Activision has hired Julie Hodges, formerly senior vice president of corporate HR and the new chief people officer of compensation, benefits and talent acquisition at The Walt Disney Company. Hodges, who will replace Activision’s current CPO Claudine Naughton, will lead “all aspects of human resources,” from talent acquisition and compensation to “diversity, equity and inclusion.”
“I can’t think of a better person to join our team and help lead our ongoing commitment to an inclusive workplace,” said Activision Blizzard CEO Bobby Kotick. Announcement. “Julie is the seasoned leader we need to make sure we are the most inspiring, equitable and exemplary entertainment company in the world.”
Hodges, who spent 32 years at Disney, leaned on similar themes in his own statement, stressing the need to “welcome all perspectives, experiences, and backgrounds.”
“A workforce where everyone feels valued is critical to the success of our business, as is a trusting, engaging and safe environment that encourages creativity and innovation and in which all employees can thrive.” “Doing this requires a collective effort, and I look forward to making sure we support the diversity of our talents to bring our people together and continue to create amazing entertainment.”
Activision has good reason to make its diversity and inclusiveness efforts as visible as possible. In July, the California Department of Fair Employment and Housing filed a lawsuit alleging discrimination, sexual harassment and “frat boy” culture at the studio. The authorities initially pushed back, but quickly adopted a more conciliatory approach. Many employees seemed adamant, however: The walkout, which took place a week after the DFEH lawsuit was filed, attracted messages of support from across the industry, most notably Ubisoft, which is grappling with workplace abuse issues of its own.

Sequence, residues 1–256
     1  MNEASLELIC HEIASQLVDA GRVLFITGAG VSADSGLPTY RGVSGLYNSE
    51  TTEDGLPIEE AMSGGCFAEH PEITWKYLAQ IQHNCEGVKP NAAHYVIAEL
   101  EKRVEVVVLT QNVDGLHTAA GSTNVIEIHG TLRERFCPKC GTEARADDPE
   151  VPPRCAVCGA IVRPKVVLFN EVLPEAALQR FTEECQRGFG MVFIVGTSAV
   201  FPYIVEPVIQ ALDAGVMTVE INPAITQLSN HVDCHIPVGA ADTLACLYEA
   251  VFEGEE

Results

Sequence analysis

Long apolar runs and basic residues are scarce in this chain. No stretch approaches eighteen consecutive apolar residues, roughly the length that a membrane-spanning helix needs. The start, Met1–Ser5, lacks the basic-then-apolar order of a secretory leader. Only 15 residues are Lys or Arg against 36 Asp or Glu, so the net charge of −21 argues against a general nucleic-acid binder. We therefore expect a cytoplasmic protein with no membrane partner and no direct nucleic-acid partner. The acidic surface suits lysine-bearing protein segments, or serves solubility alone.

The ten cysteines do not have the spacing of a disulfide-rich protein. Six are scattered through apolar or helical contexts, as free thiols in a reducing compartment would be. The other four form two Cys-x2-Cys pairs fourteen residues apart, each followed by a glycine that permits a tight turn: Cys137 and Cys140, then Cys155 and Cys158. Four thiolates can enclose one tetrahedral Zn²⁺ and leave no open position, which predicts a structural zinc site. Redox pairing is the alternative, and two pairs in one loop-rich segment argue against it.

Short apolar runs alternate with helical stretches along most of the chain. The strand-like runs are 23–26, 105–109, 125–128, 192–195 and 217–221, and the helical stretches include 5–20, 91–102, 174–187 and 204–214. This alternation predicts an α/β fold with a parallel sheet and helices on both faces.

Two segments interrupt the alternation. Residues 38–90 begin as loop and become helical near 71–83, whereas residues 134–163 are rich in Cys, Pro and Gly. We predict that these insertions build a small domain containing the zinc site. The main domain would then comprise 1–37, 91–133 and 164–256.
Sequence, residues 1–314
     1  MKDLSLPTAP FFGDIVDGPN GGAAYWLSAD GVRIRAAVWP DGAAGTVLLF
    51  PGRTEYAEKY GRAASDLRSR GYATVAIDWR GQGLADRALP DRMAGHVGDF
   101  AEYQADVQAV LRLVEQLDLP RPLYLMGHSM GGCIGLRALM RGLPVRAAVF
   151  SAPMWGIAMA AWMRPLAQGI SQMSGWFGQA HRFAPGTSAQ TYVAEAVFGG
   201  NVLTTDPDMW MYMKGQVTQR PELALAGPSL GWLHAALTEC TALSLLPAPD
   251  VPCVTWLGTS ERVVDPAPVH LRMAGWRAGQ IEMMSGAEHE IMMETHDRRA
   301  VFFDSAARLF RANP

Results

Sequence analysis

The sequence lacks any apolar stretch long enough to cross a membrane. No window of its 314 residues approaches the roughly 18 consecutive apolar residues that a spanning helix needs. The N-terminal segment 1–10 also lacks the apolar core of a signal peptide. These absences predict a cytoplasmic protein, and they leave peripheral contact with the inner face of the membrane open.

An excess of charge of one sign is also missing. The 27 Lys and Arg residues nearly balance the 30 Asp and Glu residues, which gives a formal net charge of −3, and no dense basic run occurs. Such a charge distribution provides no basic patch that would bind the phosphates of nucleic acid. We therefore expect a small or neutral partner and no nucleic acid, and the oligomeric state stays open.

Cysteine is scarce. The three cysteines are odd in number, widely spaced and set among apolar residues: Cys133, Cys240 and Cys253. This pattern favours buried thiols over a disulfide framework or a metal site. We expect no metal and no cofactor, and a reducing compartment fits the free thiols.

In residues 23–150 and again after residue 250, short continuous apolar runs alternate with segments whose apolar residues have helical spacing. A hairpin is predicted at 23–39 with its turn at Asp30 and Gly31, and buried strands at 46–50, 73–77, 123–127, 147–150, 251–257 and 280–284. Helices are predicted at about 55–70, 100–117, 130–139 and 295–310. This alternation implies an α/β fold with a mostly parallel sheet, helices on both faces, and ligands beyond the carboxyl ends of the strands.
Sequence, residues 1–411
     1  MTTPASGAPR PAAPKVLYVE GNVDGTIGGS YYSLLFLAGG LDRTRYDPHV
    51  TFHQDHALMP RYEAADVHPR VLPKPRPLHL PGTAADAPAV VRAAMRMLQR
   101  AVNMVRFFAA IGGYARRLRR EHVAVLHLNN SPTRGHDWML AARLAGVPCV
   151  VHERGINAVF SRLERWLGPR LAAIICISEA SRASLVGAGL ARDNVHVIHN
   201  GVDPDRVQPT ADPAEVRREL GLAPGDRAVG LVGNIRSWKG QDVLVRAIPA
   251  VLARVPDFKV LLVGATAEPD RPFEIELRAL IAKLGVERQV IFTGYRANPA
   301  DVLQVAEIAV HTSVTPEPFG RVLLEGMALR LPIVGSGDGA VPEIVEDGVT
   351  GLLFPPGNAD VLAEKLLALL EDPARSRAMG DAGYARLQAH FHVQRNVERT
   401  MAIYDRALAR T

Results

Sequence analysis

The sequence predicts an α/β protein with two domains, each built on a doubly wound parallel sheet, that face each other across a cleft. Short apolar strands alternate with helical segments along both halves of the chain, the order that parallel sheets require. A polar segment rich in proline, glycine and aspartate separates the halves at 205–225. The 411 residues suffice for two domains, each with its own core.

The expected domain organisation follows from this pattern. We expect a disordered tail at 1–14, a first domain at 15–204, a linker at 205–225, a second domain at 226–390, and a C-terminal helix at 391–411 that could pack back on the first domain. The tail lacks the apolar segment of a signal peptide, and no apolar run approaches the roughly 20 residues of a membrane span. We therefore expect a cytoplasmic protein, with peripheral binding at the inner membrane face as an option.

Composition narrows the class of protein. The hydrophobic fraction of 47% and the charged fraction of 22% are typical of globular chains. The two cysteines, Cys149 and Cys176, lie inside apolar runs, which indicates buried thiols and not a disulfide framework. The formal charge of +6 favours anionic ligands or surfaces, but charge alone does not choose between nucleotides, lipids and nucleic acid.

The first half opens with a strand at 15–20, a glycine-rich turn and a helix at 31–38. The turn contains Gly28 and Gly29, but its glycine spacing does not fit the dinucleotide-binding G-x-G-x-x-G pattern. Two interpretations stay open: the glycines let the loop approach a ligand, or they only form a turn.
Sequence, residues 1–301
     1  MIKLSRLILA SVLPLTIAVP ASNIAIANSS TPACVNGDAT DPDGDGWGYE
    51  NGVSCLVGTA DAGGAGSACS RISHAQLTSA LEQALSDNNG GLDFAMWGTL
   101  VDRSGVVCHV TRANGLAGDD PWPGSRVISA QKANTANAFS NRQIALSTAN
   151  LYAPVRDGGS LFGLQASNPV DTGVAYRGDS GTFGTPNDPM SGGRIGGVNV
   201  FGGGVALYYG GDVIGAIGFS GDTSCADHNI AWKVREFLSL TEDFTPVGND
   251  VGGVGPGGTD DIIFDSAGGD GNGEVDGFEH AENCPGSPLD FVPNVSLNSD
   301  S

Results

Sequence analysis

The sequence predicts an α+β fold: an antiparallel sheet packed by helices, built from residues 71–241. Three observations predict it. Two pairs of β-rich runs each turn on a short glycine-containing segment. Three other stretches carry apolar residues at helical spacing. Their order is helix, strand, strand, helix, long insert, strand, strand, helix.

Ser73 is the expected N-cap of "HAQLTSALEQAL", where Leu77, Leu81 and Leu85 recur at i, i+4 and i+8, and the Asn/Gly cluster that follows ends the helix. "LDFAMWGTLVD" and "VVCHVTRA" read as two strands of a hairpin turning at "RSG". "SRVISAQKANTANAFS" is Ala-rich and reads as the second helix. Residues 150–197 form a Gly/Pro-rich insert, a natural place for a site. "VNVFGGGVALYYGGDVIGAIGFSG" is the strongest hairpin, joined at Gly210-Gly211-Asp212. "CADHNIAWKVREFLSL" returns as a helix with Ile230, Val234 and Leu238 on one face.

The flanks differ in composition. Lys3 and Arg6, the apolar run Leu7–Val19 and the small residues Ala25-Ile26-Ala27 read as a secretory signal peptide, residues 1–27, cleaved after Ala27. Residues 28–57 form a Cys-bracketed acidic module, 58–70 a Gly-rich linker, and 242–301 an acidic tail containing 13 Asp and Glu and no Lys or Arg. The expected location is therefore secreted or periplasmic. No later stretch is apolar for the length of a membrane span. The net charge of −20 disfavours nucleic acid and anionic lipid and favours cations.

a representative told Stephen Totilo The departure of Nerdshala Gaming that Naughton is unrelated to the lawsuit, but has led to the ouster of several others, including Blizzard president Jay Alan Brack, Diablo 4 game director Louis Barriga, lead level designer Jesse McCree and World Including Off-Warcraft designer Jonathan Laycraft. . Blizzard has also removed in-game character names that refer to all three from Overwatch and World of Warcraft.
The DFEH lawsuit alleges that complaints about pay discrimination and harassment went unheeded by Blizzard HR, and that the department was “not held in high esteem” or trusted by employees. In August, Activision Blizzard’s human resources department was accused of sabotaging documents related to allegations of misconduct, and earlier today, a new complaint filed with the National Labor Relations Board alleges that Activision Blizzard is committing labor violations. including intimidation, surveillance and interrogation of employees. To discourage employees from organizing and discussing workplace situations.